Earlier this month, SkillSurvey published the results of some extensive research into the merits of millennial job candidates. The survey observed 28,700 references for around 7,000 job candidates, the vast majority of whom were born after 1980. The conclusion? Millennials are “eager, dedicated people who score high on ethics and integrity.” But they’re not without their problems.
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Speaking as a millennial, millennials are great. In fact, a recent article in The New York Times highlighted the good that millennials are doing in the world — including their 87 percent charitable giving rate. Sure, we look at our phones a lot, but that doesn’t mean we’re bad workers.
But as every good boss knows, there’s always room for improvement. Based on the results of the SkillSurvey research, there are at least three prominent areas in which millennial workers can stand to improve. Let’s take a look.
1. Decision Making: Landing the Helicopter
Millennials have long been adjusted to hovering parents who were ready, willing, and able to make sure not a drop of non-hydrogenated corn oils or high-fructose corn syrups ever touched their golden palates. As it would appear, that’s at least in part led to a deficiency in independent decision-making.
It isn’t necessarily a hard skill to teach, but it’s one that managers need to be aware of. It’s your responsibility to foster an environment that fosters independent thinking, rather than stifling it. One of the quickest ways to do that according to Fast Company: hire more women.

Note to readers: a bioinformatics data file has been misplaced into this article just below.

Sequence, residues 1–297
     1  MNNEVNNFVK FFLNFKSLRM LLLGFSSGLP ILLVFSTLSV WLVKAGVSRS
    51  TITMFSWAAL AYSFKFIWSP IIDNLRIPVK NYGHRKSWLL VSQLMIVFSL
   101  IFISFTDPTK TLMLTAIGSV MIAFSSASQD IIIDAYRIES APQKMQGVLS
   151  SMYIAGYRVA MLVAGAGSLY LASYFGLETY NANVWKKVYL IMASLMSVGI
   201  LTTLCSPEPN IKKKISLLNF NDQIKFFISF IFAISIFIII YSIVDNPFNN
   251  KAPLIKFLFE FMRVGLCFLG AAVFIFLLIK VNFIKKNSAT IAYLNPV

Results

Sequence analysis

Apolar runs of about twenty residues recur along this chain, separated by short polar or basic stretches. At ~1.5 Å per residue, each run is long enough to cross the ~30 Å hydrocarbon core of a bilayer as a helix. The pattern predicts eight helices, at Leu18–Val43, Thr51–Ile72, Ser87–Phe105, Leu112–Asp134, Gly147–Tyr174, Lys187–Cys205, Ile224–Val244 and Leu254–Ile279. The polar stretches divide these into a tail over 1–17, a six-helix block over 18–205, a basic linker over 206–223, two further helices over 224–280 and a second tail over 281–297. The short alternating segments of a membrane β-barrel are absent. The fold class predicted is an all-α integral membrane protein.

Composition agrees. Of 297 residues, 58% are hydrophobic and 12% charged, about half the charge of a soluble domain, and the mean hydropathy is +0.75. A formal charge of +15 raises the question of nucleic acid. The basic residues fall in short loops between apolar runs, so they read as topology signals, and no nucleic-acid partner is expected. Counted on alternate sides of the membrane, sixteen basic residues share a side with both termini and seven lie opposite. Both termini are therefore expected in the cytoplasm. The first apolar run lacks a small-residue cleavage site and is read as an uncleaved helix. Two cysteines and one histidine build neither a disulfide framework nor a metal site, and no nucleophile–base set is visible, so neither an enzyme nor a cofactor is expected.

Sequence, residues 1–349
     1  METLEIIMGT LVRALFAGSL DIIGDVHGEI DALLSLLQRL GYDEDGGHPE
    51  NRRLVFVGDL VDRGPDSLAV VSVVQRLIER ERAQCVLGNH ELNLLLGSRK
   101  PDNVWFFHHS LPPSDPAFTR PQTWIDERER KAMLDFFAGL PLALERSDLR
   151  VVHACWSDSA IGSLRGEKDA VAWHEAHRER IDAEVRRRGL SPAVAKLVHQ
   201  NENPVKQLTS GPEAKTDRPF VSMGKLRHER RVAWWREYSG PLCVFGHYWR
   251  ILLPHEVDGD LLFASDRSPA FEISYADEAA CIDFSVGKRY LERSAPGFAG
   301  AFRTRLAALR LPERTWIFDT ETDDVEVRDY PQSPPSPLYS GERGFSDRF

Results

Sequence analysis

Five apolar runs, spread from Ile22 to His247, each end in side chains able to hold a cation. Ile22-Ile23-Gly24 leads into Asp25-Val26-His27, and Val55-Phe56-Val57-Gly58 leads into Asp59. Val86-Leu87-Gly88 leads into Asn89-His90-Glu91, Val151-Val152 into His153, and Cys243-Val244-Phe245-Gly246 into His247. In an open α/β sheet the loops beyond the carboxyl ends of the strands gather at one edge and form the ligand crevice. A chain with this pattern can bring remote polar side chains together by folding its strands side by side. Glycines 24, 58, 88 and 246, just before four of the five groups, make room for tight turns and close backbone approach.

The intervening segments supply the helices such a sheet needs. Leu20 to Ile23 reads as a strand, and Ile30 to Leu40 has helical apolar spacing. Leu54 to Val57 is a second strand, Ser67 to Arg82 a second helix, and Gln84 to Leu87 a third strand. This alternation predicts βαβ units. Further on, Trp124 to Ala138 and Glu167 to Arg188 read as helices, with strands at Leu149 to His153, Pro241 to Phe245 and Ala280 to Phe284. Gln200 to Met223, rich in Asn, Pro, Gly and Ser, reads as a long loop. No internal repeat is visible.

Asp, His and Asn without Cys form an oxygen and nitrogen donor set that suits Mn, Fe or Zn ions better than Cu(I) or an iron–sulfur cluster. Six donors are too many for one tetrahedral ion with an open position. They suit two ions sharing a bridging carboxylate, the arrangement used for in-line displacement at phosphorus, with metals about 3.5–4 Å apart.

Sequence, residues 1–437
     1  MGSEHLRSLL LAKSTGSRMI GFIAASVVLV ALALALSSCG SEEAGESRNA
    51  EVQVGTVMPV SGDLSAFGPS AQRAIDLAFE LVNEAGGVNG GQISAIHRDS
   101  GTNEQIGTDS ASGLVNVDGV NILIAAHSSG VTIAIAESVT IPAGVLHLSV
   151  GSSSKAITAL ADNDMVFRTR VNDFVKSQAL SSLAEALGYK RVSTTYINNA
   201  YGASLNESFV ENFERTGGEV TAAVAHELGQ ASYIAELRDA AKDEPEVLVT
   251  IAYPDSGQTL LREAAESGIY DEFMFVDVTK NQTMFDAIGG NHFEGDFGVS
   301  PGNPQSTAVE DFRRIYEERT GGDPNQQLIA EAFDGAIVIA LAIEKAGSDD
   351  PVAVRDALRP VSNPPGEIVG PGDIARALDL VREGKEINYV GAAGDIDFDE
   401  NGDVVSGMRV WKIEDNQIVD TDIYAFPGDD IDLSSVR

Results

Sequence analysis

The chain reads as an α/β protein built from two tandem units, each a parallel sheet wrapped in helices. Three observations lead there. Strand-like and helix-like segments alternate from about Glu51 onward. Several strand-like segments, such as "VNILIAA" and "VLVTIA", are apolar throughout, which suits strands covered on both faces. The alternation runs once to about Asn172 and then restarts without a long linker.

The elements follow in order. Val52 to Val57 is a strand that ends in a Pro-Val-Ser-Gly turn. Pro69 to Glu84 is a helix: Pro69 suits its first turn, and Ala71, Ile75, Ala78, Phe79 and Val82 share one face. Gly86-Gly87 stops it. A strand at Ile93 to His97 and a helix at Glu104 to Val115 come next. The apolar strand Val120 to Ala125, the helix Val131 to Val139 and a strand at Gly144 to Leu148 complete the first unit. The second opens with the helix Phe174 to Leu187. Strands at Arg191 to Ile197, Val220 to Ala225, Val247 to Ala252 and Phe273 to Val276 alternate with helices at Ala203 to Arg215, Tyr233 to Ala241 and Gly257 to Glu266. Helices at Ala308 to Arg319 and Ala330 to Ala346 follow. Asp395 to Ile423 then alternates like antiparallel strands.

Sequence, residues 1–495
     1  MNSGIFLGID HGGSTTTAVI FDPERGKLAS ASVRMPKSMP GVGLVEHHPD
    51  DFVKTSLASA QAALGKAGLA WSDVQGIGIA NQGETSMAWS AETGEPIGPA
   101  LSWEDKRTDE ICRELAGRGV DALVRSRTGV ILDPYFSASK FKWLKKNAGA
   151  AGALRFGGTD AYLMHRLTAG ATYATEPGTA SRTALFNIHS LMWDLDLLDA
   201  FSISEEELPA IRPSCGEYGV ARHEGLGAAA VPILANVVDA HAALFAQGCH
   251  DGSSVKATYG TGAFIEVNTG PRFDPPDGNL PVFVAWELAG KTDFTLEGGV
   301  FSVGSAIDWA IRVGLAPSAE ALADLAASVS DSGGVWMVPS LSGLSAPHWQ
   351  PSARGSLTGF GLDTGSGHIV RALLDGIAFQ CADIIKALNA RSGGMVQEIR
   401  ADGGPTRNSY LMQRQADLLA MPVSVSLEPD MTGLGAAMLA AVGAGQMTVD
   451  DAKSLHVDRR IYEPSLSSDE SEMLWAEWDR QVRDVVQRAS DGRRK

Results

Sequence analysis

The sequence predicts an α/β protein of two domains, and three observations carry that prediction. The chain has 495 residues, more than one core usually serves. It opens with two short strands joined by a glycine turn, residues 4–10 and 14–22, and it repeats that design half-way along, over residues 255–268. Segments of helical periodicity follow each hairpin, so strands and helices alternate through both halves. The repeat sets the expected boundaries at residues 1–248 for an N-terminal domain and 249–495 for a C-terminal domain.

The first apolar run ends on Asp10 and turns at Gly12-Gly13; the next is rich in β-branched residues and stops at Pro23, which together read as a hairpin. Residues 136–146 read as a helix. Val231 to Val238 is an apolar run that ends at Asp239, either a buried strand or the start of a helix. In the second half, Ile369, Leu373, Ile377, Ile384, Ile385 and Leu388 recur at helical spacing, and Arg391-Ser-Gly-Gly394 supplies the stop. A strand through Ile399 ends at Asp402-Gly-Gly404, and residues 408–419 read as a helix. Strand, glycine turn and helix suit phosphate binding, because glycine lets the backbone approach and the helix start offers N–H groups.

2. Multitasking: Play Video While Making a Phone Call
In terms of our smart devices, multitasking is an essential quality for millennials. Phones that can’t run more than one app at the same time have their place back in the Mesozoic era.
But as it turns out, those same multitasking devices have contributed to our downfall as people are able to tackle more than one subject at once. For bosses who are frustrated by their employees’ inability to juggle multiple projects, the answer is simple: put the phones down. According to David Brooks, digital devices cause us to use our fluid memory, further impeding our ability to focus on the one thing we’re trying to focus on.
Customer Service: Dat Golden Rule Tho
Customer service skills, or lack there of, are going to be managers’ biggest challenge as they try and adapt to their ever-growing millennial workforce. We’re the generation of a sharing-economy; of unprecedented, immediate accountability — a.k.a. Google — and something called iMessage. When it comes to “treat others the way you want to be treated,” it’s not that we don’t understand: we just want to be treated differently than you do.
If you want a change, it’s going to take some serious time and attention.
Tell Us What You Think
Are your millennial employees exceptional workers, or placeholders on your wall of shame? Tell us your experience in the comments below, or join the conversation on Twitter!